We think that speaks volumes about the community that the Co-Op fosters, and wanted to use this opportunity to talk to Mike about The Pinball Co-Op, the expansion, the Vermont pinball community, and their plans for the future. 

Interview with Mike Havens on the Pinball Co-Op Expansion

Kineticist: Can you tell us a bit about yourself and your history with the Co-Op?

Mike Havens: I’m a married 43 year old high school math teacher. I purchased my first machine in 2016 (Data East Jurassic Park) and the seller recommended I visit the Co-Op sometime. I played frequently one year, became an official member the following year, joined the repair crew the year after that, then took over running the place in 2021 after Steve decided to step down. He had done so much to keep pinball alive in Vermont, but you could tell he was burning out, and the Covid year was the final straw.

I moved the Co-Op out of the old room and into a new room that’s right next door in the same building, and registered it as a full fledged business.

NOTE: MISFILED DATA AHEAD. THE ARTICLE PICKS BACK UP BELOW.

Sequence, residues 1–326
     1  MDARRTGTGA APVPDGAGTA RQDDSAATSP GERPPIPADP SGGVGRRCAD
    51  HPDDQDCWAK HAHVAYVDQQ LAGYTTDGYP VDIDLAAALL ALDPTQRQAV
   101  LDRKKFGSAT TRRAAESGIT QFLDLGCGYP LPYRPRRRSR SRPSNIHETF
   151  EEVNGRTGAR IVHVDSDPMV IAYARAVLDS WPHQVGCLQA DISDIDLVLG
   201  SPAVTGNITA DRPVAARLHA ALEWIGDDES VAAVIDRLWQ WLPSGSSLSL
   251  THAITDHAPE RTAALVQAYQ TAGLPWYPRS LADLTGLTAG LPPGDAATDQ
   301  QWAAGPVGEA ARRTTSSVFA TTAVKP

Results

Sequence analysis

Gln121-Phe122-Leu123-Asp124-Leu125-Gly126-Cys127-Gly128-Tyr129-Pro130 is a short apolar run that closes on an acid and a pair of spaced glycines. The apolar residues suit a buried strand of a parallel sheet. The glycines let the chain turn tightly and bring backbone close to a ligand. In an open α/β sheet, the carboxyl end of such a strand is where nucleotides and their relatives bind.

Kineticist: What is the pinball community like in Vermont, and what role does the Co-Op play in it?

Mike Havens: I would say it’s robust, friendly, and fun. Our last 8-week pingolf league garnered 45 players. A good core of regulars travel several hours to attend tournaments across New England and Canada, and the Co-Op is the hub that keeps it all together. We have pictures and state banners hanging on the wall, people bring in artwork and stickers for decorations, and of course shared pinball machines for all to enjoy.

Kineticist: I want to drill into the competitive aspect a bit. What does it mean for the local players to have a place like the Co-Op that regularly hosts leagues and other IFPA sanctioned tournaments?